Discussion quickly moved towards the Iran Nuclear Deal, the groundwork that led to the agreement, and what interpersonal skills Ambassador Sherman used with her counterparts. The Europeans had begun unsuccessful negotiations in the early 2000s with Iran before the United States began. The United States wanted widespread sanctions for Iranian behavior, support of terrorism, and need for nuclear weapons. The sanctions would not have stopped Iran from making nuclear weapons, but brought them to the negotiating table for discussions. Sherman recounted how she sent teams around the world to get countries to stop buying Iranian oil, and the negotiating tool that former President Obama commissioned as a threat to wipe out Iran’s main centrifuge center. A central component was managing the power of the United States as well as its allies to achieve the objective of negotiations. Ambassador Sherman reflected on her background skills as a social worker and how they allowed her to see the entire landscape surrounding the negotiations.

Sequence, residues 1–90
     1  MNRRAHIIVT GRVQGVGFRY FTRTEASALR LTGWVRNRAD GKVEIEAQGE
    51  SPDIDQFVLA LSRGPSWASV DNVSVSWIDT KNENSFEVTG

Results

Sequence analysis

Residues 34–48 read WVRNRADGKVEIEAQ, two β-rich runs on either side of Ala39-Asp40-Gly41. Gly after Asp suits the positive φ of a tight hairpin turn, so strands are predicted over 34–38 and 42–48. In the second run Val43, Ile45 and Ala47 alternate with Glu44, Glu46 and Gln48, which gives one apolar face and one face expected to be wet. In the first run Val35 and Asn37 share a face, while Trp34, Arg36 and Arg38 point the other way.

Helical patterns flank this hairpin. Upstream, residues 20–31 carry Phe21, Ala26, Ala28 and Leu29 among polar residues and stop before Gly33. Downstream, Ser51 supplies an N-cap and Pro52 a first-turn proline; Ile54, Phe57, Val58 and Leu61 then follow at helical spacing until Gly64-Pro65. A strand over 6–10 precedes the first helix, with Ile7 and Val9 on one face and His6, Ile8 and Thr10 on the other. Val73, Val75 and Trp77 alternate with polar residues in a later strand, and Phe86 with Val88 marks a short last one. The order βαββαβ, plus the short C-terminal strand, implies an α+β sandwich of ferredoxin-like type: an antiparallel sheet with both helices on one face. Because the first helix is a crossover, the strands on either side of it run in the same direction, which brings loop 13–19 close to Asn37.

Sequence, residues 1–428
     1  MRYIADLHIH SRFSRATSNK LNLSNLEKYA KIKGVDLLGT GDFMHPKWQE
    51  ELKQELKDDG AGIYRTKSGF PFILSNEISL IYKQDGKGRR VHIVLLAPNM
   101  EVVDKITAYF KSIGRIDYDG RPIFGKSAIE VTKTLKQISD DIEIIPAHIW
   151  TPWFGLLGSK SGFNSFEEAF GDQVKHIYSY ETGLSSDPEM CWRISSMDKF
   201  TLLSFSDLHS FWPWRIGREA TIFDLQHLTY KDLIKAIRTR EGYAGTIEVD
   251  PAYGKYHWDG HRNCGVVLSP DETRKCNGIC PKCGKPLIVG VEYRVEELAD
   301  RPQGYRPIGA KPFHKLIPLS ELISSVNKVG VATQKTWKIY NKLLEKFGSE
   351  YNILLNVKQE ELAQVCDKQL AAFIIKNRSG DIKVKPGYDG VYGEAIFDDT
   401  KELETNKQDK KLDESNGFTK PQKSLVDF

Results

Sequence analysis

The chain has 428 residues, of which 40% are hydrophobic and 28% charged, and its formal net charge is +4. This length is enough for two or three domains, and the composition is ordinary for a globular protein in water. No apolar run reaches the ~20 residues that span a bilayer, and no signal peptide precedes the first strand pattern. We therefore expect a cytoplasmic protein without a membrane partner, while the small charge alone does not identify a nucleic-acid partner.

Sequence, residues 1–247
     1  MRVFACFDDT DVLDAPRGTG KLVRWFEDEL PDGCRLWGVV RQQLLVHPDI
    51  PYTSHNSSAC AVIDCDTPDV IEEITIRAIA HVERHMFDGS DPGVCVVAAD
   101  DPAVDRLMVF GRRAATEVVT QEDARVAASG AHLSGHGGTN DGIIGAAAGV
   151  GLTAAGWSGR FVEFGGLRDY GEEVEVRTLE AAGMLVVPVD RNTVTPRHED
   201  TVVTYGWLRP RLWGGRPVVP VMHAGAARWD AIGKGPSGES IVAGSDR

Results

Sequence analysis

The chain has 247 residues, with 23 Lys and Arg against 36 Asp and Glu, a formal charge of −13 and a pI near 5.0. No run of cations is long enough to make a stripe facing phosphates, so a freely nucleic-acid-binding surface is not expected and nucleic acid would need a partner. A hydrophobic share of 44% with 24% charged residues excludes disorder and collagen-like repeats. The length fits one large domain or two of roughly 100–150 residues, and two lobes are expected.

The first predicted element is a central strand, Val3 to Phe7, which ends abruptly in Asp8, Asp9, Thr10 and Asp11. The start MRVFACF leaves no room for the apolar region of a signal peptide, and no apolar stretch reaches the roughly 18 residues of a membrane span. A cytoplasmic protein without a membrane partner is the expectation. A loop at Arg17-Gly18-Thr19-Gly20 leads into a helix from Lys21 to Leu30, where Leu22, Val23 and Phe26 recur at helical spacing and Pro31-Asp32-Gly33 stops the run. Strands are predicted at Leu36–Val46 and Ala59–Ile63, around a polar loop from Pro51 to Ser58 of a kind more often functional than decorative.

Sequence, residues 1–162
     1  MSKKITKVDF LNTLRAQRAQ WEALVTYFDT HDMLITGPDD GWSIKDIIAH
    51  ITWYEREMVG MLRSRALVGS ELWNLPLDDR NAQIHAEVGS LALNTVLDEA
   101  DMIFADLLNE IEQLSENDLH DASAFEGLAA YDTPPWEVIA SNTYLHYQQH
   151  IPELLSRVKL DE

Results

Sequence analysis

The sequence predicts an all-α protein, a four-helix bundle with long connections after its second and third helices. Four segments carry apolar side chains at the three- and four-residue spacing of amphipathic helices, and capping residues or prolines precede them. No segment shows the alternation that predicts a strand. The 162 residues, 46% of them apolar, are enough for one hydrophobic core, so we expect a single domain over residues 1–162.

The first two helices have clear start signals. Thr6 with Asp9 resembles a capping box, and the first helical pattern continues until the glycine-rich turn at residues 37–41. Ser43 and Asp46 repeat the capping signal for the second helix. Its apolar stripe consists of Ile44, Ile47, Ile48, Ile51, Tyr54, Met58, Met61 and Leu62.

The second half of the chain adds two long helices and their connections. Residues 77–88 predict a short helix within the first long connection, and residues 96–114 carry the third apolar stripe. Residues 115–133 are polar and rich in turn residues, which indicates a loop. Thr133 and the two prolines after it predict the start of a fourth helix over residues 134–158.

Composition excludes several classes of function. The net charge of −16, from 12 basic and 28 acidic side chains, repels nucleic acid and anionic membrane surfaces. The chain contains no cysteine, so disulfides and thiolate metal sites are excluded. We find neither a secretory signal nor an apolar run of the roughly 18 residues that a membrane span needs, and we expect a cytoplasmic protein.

President Trump announced in May that the United States would not longer take part in the nuclear agreement, a deal he repeatedly criticized. Even with sanctions from the U.S. being put into place, Iran is still complying with the deal. Hassan Rouhani, the Iranian President, is still receiving economic benefits from Russia and China. Sherman stated that the Iranians likely think they can hold on to their economy until the next administration - but if President Trump stays in office Iran will likely want to come back to negotiations. Ambassador Sherman pointed out that no deal is perfect, but concessions must be made to reach a settlement.
When asked about North Korea, Sherman stated that a deal would be much more complex to negotiate. North Korea has more nuclear weapons, less negotiating leverage, and protection from China. While Sherman said she does not expect a full denuclearization right away from North Korea, but that the U.S. needs to know what kinds of weapons the country has in order to move forward. The discussion ended with Sherman stating that all things in life are connected, and that the relationships that the United States has with China and South Korea will impact the assistance we receive in negotiating with North Korea.